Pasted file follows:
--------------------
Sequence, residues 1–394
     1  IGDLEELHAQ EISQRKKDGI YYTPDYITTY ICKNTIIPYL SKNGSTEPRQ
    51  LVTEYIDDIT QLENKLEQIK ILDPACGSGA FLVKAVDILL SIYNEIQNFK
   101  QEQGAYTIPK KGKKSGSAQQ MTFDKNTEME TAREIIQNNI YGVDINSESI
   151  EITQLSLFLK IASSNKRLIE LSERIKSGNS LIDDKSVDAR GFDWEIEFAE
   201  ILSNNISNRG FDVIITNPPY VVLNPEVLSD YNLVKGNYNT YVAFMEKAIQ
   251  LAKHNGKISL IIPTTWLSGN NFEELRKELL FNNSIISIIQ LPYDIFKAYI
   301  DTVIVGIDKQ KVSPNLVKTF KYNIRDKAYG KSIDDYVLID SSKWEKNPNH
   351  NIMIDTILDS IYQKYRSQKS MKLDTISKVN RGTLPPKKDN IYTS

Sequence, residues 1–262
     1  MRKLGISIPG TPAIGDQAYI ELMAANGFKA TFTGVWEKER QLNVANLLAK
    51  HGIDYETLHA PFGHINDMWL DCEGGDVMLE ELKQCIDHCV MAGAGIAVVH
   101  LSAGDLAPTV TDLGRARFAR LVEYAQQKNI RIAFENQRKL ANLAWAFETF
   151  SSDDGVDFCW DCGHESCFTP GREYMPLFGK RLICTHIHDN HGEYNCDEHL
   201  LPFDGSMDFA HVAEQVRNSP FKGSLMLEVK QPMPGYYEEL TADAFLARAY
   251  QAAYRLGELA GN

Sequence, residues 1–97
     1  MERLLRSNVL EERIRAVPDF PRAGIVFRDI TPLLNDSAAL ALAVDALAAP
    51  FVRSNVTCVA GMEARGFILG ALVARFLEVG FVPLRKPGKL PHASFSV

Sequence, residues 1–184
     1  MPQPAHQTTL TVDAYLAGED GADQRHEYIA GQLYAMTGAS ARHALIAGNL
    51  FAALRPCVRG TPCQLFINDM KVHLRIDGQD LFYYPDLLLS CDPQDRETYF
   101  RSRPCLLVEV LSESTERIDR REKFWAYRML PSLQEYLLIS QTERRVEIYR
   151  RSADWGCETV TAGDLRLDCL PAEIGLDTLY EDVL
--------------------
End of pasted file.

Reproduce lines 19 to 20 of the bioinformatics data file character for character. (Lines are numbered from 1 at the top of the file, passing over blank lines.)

    51  FVRSNVTCVA GMEARGFILG ALVARFLEVG FVPLRKPGKL PHASFSV

Sequence, residues 1–184